AUSTIN, Texas – Tennessee wasted a lot of lead Sunday afternoon.
The Lady Vols built a 22-point advantage in the second half only to see Texas whittle the difference to 10 on three occasions inside the final 8 minutes, 15 seconds.
No matter how much the Longhorns threatened, Tennessee’s six double-figure scorers kept a watchful eye. They made sure the Lady Vols always had more lead than they could possibly squander.
They steered Tennessee clear of trouble and hung some window dressing on a 94-75 women’s basketball victory before a matinee crowd of 3,027 at the Erwin Center.
“I think we’re extremely balanced,’’ said Cierra Burdick, who scored 14 points. “That’s one of our strengths. On a given day, somebody can go off and score points.
“The fact that we had how many players in double figures? Six. I mean that says a lot for our team basketball.”
Meighan Simmons led the team approach with 18 points for No. 13 Tennessee (7-1). Ariel Massengale matched her season high and Taber Spani reached a new one as each scored 15.
Bashaara Graves also scored 14 points. The freshman forward grabbed a game-high 10 rebounds as well.
Fellow freshman Jasmine Jones was the sixth player to join the group with 10 points, which matched her season high.
“Because of the way they shot the ball in the first half, we did try to change our defense and put more pressure on the ball,” Texas coach Karen Aston said. “They made very tough shots.”
Tennessee’s scorers outnumbered Texas’ Chassidy Fussell, who returned from missing two games with a head injury to score a career-high 31 for No. 18 Texas (6-2).
Despite the victory, Tennessee didn’t survive unscathed as center Isabelle Harrison was helped off with 7:54 left after suffering an injury to her right ankle. Tennessee coach Holly Warlick was hopeful but uncertain about Harrison’s status for Tuesday’s game at No. 3 Baylor.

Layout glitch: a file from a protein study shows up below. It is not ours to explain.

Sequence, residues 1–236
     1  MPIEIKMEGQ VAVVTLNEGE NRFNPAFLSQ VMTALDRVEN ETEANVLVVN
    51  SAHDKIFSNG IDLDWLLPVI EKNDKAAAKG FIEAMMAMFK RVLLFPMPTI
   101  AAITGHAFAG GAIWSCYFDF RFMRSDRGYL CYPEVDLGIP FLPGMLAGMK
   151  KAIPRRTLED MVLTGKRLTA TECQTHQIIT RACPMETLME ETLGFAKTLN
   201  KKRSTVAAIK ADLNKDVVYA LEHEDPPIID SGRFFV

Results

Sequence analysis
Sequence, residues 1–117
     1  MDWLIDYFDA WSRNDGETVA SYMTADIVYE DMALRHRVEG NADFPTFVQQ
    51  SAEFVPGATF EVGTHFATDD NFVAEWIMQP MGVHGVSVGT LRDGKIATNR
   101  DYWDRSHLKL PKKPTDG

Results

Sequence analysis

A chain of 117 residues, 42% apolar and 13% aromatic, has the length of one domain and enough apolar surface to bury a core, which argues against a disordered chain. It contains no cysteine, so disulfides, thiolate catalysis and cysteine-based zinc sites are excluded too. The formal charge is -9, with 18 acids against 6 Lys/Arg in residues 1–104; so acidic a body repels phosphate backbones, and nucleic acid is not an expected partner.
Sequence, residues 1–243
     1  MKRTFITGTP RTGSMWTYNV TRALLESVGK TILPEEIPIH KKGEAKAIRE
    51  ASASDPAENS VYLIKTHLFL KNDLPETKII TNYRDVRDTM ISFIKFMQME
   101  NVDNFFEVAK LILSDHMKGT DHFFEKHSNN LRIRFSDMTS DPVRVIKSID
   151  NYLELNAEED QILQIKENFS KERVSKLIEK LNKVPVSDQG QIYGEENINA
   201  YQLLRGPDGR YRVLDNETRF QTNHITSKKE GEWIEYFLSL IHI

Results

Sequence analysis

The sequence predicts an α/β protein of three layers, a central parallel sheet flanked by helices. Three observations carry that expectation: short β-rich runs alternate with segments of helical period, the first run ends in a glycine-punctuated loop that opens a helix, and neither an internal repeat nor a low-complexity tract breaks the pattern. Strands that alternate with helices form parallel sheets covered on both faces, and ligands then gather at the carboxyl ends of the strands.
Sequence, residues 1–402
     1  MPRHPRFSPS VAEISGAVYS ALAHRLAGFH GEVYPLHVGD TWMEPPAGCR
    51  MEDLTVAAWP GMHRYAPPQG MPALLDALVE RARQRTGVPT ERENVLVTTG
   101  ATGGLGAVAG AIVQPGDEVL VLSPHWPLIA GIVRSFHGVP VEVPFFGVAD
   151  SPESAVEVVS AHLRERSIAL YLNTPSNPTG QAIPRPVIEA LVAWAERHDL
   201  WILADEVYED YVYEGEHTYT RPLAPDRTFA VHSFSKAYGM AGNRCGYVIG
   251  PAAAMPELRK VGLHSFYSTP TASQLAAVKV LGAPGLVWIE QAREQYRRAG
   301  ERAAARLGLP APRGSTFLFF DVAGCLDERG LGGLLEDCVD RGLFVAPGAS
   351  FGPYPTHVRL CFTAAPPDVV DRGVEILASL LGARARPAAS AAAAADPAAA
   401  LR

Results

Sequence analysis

The Lady Vols had problems to begin with when they didn’t submit their starting lineup in time beforehand and were assessed a technical foul. They were down by two Fussell free throws before the opening tip. The clerical error inspired a funny exchange afterward between Warlick and Michael Beaumont, the team’s director of operations.
It didn’t help matters that Simmons, playing before a large group from her hometown of Cibolo, Texas, was over-amped and missed her first seven attempts.
Warlick was more uncomfortable with how Simmons started than how the junior guard finished. She hit the side of the backboard with one second-half attempt as part of her 6-for-20 performance. But she also nailed a pair of clutch 3-pointers down the stretch, including one over Fussell for an 84-70 lead with 4:44 left.
“In the second half, I thought she took some good shots, she took some shots that Meighan can make,” Warlick said. “I think in the first half she was forcing.”
Tennessee’s biggest problem turned out to be foul trouble, which slowed its transition game and undermined its defensive effort.
At times, the Lady Vols were forced to deploy the 6-foot-1 Spani and the 6-2 Jones against Texas 6-7 center Imani McGee-Stafford.
“That’s something that we pride ourselves on is the versatility we can bring,” Spani said. “In practice, Cierra, Jasmine and myself, we’re always guarding guards and posts.”
Burdick described the predicaments caused by Tennessee’s foul trouble as “a huge issue.”
Not too big, though, for Tennessee’s scorers to handle.